St. Petersburg Times, May 17, 1991
A Penny For Our Thoughts
by Jean Carey
Don't be alarmed, but Susana Ventura is Operating Under the Influence. She gives her audiences entertainment and something to think about at the same time.
|One of her characters is based on Andrea Whips, "a Warhol superstar and someone who was very, very crazy."
What's so funny about a homeless woman with AIDS and a young child who also happens to be homeless and a junkie? Nothing comes to mind. But perhaps the outrageousness of the situation goes beyond any definition of pathetic or tragic to a realm of existence that borders on absurdity.
So thinks actor/monologist/comic (and, cautiously, performance artist) Penny Arcade. The New York-based performer brings the aforementioned woman, based on a real person, to life in her one-woman show Operating Under the Influence. Penny Arcade, née Susana Ventura, specializes in characters. This distinction separates her from other performance artists who often string together music, costumes and personal vignettes that are more stream-of-consciousness musings than cultural revelations.
About the character of the homeless AIDS victim, Arcade says, "She's very real. Very real life. She's an unmistakably individual personality, and yet she has nothing in common with most of the people I perform for. She's depressing and who needs to get depressed, right? But I explore her way of being. For such a person, her real life gets in the way of her mental life. It's your preconceptions that make her depressing, not her herself."
Arcade's other characters are no less defined or interesting. "One is based on Andrea Whips, a Warhol superstar and someone who was very, very crazy. She dies recently. Another, the character who people tell me is my star, is Dame Margo Howard-Howard, a 55-year-old drag queen. She's very raw, very risque and very, very funny," Arcade explained.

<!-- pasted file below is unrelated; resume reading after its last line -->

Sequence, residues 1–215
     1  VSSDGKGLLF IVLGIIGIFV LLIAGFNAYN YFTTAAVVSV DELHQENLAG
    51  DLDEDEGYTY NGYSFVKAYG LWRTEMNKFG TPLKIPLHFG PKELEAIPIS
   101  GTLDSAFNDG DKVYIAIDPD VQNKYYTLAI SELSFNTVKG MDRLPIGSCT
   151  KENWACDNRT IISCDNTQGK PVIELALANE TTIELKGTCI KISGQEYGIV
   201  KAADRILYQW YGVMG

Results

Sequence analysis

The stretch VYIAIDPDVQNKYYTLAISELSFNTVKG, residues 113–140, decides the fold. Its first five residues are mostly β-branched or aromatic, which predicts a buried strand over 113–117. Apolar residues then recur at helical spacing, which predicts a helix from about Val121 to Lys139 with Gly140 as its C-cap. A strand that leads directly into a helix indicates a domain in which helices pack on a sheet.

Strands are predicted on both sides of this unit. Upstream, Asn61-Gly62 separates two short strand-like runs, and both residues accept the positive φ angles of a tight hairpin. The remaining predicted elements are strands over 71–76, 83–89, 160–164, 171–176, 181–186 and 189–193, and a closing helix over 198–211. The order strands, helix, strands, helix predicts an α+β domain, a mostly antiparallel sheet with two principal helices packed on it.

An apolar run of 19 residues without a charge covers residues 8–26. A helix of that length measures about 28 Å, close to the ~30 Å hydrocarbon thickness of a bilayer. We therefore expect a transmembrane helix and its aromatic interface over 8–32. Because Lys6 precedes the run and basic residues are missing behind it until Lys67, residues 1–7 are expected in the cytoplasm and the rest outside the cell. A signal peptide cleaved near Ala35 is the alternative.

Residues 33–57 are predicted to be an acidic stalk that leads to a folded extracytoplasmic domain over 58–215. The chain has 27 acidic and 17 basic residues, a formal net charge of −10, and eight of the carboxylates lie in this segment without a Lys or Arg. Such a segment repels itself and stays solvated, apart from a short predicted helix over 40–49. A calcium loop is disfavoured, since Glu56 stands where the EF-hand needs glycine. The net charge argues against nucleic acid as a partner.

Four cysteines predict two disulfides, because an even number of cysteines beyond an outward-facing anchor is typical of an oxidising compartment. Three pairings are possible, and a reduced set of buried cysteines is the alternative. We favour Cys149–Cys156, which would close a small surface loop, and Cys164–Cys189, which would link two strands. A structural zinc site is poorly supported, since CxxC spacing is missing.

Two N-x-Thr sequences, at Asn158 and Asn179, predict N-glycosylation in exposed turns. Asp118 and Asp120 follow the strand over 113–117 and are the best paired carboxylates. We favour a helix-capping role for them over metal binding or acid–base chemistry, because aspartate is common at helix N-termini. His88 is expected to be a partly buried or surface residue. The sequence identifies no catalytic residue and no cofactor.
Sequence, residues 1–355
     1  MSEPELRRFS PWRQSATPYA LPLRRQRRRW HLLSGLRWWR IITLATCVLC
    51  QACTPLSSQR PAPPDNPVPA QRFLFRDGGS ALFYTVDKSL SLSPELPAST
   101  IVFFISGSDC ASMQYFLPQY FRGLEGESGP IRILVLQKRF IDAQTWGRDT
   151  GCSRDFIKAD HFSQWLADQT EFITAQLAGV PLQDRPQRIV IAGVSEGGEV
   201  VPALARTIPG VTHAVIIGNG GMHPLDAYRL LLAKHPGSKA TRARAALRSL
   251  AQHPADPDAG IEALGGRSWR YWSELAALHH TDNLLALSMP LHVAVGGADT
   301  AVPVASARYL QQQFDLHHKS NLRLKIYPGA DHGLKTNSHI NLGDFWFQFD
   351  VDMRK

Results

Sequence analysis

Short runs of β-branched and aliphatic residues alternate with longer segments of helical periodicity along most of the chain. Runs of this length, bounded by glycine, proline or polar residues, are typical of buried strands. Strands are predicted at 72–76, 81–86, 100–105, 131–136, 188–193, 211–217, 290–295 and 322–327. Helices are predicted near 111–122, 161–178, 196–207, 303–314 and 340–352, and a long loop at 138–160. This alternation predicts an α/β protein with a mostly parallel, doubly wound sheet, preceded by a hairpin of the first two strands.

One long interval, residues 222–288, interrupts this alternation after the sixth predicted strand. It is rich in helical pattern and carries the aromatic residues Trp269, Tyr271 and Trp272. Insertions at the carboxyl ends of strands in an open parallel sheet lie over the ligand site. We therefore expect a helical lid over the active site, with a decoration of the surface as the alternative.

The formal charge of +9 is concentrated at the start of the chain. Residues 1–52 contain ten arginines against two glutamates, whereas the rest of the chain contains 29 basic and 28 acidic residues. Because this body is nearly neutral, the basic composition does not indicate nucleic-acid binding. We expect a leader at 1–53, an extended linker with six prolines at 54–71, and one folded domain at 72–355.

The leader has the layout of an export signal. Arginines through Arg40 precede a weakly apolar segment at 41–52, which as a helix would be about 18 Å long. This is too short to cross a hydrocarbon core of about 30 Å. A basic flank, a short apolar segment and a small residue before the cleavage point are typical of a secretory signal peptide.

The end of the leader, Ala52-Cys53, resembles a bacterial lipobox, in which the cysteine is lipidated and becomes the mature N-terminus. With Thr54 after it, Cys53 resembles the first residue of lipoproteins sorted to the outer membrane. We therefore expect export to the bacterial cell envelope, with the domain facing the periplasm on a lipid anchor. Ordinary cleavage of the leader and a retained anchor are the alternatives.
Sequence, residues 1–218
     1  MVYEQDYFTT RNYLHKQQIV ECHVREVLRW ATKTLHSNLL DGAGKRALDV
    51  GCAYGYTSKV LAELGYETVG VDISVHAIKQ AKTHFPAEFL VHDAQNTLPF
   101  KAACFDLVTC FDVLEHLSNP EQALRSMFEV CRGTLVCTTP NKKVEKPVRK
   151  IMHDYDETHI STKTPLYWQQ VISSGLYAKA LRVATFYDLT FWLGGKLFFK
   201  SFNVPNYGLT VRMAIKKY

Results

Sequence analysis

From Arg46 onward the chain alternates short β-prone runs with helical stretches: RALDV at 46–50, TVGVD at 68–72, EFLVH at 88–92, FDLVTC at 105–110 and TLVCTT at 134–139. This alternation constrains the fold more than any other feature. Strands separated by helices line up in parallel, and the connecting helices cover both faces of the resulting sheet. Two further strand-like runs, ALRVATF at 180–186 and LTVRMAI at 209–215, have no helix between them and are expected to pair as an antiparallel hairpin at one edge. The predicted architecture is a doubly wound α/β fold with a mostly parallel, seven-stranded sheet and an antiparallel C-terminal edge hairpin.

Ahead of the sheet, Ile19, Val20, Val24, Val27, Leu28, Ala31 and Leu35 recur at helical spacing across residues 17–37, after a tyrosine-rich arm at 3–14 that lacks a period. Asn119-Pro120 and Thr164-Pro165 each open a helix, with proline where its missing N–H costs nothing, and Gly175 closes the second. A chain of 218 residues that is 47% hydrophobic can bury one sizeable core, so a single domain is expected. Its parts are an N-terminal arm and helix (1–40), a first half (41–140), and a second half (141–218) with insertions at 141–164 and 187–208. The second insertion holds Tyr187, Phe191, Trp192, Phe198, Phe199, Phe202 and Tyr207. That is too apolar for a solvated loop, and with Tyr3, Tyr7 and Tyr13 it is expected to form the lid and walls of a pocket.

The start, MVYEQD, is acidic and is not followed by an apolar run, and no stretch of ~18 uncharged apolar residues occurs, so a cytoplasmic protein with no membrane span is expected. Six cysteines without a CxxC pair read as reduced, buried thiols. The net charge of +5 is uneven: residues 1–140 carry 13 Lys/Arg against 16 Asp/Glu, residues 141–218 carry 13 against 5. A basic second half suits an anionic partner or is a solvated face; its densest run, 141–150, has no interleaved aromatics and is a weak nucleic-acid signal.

After performing 36 weeks out of each year for the past several years in Manhattan's most prominent art houses and theaters, Arcade decided to take her act on the road, to "expand my range." Arcade seems pleased with her reception at the Loft Theater, where she opened Operating Under the Influence last weekend. The show continues this week, playing at 8 p.m. today and Saturday and at 5 p.m. Sunday.
"I love the theater is set up in the semi-circle formation," she said. Arcade explained that this arrangement facilitates her interactive style. "I don't actually go into the audience. I hate that feeling, personally, where people have to be frightened that you're going to call on them or go up to them and make them look foolish. I don't do that to people."
But, "whether i intend to have interaction with the audience or not, it always seems like I do. Every evening, i sort of see how it goes. In Tampa, I've been talking to the audience a lot. in most of my shows, I spend about 20 percent of my time talking to or with the audience. In Tampa, I've found that it's more like 40 percent."
Arcade is also pleased with the demographics of her Tampa audience. "There hasn't been one specific type of person in the audience," she said. "I would hate it if that were the case. On the night of my first performance here, i noticed that there were seven seniors in the front row. I thought,'Oh, God, they're going to hate every minute of this.' My show is whimsical in many ways, but it's also very explicit in a sexual way. They loved it - the seniors in the front row were screaming with laughter."
Arcade has been including more AIDS-related material in her performances, which again abuts the funny/not funny question. "It's an inevitable subject, coming as I do from the theater community in New York," Arcade said. "I came to New York City when I was very, very young and I was basically raised by gay men. They took me under their collective wing. Madonna has made this supportive network of gay men very visible in her new movie about her life...I was very much in the same place as her."
"My work has a lot of content, a lot of pathos, certainly, but also a lot of humor," Arcade said. "People walk out of my shows and they've had a transformational experience. people do not have to have an art school or Wall Street background to understand my work. It translated to the audience. Very easily."